The Ostrich and the Overcomer

by Lynn on May 20, 2012

ostrichIs it just me or does anyone else feel “war weary” from a constant 24/7 information overload? It seems that no matter the medium-television, radio, internet, Facebook, Twitter-there is a steady stream of conflict, disaster, corruption, violence, fraud, deceit, immorality, and suffering. To make things worse, we might find additional stressors within our own circles-conflict with family members, coworkers, friends or neighbors. It can be a bit too much at times and I find myself overwhelmed by the deluge.

Let’s face it, sometimes the trauma and drama of life just saps every bit of joy out of our day. Too much bad news can leave us feeling bruised, battered and depressed. We are war weary and the fatigue seems to seep right down into our bones. As Christians, it’s no wonder we’re tired because a great spiritual battle rages around us every day.

For our struggle is not against flesh and blood, but against the rulers, against the authorities, against the powers of this dark world and against the spiritual forces of evil in the heavenly realms. Ephesians 6:12 NIV

Being believers in our culture has never been easy, but then Jesus specifically told us to expect that life would be hard. Now, if he had left it at that, we’d have reason for despair. If Jesus had said, “Yes, evil will flourish and you’re going to have a lot of hardships if you follow me-too bad, so sad for you,” then depression would be in order. But Jesus always provides hope; he always shows us the way out.

“I have told you these things, so that in me you may have peace. In this world you will have trouble. But take heart! I have overcome the world.” John 16:33 NIV

Because of his redemptive work on the cross, we know that our present hardship and suffering is temporary. We know evil has already been defeated. We know how this earthly story ends, and we know who wins! As Christians, we are called to stand firm in the truth, even if life around us looks like it is falling apart.

I’ve been reading through the letters to the seven churches in the book of Revelation. These Asia Minor churches were trying to thrive in cities fraught with immorality and pagan worship. The Christians in these churches had serious cultural clashes to deal with, not unlike the Church does today. In the letters, the Lord recognizes and commends them for the things they are doing well; remaining faithful; loving and serving others; persevering; enduring hardships; practicing discernment. However, he also corrects them where needed by pointing out their failures; allowing their passion for the Lord to wane; lacking discernment; indulging in immorality and false teaching; being self-reliant instead of trusting in God. At the close of each letter is an admonition for the reader: “He who has an ear, let him hear.” The Greek word for hear means not only “to hear” but also “to understand” and “to give in the audience of.” It would seem that God expects us to read what he has written, to understand what he has written and to do what he has written in the letters to the seven churches. Accompanying the closure is also a promised reward to “him who overcomes.” God blesses perseverance and faithfulness and gives us the strength we need to keep going. On those days of overwhelmingly bad news, we can be assured that when Jesus returns, our perspective will have changed. We’ll finally be able to see that everything we endured was finite, had a purpose and was allowed for a reason that ultimately benefited us.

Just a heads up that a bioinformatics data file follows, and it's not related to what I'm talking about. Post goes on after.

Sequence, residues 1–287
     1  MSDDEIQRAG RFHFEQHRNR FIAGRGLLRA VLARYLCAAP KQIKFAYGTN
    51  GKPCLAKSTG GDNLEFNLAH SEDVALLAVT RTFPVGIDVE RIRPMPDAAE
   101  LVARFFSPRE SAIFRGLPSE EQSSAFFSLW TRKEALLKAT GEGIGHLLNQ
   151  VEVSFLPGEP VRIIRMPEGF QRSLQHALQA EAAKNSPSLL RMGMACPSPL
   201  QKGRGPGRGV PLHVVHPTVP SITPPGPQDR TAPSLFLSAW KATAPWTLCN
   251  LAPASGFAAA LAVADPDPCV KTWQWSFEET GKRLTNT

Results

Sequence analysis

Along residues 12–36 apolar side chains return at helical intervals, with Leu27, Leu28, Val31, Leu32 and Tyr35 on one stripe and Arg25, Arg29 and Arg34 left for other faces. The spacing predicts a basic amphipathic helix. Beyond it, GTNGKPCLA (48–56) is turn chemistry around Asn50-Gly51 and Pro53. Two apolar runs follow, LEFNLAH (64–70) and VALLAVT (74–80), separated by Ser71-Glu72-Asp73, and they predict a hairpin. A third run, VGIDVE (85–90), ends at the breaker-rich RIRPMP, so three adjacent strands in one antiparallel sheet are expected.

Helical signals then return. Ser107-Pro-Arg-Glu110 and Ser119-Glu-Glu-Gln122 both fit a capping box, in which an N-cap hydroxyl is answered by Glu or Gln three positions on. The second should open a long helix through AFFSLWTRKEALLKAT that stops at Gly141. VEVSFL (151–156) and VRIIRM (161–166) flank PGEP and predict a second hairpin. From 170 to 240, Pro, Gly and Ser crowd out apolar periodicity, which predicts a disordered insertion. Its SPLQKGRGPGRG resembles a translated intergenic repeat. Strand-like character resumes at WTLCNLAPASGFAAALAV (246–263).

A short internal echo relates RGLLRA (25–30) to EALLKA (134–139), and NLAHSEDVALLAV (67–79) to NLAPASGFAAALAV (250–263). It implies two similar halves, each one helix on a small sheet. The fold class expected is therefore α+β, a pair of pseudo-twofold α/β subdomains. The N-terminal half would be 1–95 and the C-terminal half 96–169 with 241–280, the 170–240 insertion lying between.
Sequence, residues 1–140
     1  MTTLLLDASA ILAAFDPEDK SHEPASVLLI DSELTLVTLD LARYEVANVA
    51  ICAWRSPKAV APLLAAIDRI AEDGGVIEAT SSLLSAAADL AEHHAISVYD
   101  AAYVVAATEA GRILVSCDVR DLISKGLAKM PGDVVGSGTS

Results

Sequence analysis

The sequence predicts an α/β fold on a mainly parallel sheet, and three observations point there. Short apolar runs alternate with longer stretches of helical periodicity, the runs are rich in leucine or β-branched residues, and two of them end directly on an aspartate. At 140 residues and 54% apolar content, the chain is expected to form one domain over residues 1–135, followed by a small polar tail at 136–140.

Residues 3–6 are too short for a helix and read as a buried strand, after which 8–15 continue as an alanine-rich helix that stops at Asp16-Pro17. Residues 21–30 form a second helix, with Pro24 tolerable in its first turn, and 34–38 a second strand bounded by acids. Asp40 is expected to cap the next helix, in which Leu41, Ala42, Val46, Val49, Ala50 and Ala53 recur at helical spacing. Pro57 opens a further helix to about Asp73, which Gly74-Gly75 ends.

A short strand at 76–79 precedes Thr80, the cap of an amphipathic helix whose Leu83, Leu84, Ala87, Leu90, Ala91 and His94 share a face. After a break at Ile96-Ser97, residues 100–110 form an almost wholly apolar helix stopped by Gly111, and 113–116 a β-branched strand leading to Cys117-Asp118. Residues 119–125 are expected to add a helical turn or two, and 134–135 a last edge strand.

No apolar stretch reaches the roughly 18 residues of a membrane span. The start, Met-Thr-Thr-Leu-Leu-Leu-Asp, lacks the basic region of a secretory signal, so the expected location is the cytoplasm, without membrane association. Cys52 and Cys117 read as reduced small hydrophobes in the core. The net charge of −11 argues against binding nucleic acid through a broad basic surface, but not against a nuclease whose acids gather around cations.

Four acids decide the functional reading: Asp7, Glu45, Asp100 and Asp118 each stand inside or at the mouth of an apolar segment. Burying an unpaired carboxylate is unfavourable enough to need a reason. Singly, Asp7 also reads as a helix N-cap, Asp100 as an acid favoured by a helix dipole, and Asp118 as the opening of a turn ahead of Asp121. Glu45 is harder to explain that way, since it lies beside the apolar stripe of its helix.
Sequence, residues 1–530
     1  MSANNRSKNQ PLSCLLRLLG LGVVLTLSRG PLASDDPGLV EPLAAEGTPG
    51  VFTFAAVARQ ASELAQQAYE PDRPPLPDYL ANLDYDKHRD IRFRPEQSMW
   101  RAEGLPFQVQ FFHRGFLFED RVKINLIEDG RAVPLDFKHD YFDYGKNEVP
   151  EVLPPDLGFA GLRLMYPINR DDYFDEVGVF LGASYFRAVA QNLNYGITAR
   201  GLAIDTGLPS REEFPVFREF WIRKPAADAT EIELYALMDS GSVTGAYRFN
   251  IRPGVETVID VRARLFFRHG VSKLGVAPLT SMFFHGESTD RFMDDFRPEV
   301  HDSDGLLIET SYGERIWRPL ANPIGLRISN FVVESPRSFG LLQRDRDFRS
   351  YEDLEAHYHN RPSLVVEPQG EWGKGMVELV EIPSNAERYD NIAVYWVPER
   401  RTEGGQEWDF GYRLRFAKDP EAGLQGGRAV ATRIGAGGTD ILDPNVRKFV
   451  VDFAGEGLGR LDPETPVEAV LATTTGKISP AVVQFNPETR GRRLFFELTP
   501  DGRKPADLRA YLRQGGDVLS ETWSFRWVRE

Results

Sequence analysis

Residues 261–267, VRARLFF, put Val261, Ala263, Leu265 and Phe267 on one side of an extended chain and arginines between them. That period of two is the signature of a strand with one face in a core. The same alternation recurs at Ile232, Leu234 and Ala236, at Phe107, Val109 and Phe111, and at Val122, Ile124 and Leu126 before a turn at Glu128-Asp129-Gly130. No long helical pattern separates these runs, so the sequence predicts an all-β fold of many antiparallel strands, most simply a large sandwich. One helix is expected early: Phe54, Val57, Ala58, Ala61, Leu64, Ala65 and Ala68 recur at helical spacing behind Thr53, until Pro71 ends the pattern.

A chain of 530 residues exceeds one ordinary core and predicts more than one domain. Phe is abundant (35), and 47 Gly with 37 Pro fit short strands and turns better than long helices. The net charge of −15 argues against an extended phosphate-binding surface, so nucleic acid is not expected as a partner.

Though thousands of years apart, Christians today face the same challenges as those Asia Minor churches did, and as such, should take to heart the same warnings. The spiritual battle is real and the enemy’s deceptive handiwork is all around us. So when the evening news and life’s trials threaten to rob us of our peace, we can respond in two ways. We can choose to be discerning or we can choose to be deceived.

Will we be an ostrich, with our head in the sand, skipping along through life with nary a care? Will we deny the truth to avoid conflict, and hope that appeasement will quiet angry voices? Will we become the church of Laodicea, taking both sides of every argument, until God wants to spit us out of his mouth?

Or will we be like the church of Philadelphia, choosing to remain faithful, holding fast to the truth, and enduring patiently until Christ returns?

He that hath an ear, let him hear what the Spirit saith unto the churches; To him that overcometh will I give to eat of the tree of life, which is in the midst of the paradise of God. Revelation 2:7 KJV

On the journey toward Home,

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